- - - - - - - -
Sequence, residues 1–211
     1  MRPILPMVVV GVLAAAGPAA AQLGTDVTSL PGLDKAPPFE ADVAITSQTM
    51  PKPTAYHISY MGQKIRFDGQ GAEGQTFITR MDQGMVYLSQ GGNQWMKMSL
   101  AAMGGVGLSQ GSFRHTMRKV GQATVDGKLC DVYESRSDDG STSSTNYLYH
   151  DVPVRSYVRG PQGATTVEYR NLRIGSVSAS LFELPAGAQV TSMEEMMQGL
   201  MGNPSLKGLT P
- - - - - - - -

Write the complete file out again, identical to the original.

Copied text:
Sequence, residues 1–211
     1  MRPILPMVVV GVLAAAGPAA AQLGTDVTSL PGLDKAPPFE ADVAITSQTM
    51  PKPTAYHISY MGQKIRFDGQ GAEGQTFITR MDQGMVYLSQ GGNQWMKMSL
   101  AAMGGVGLSQ GSFRHTMRKV GQATVDGKLC DVYESRSDDG STSSTNYLYH
   151  DVPVRSYVRG PQGATTVEYR NLRIGSVSAS LFELPAGAQV TSMEEMMQGL
   201  MGNPSLKGLT P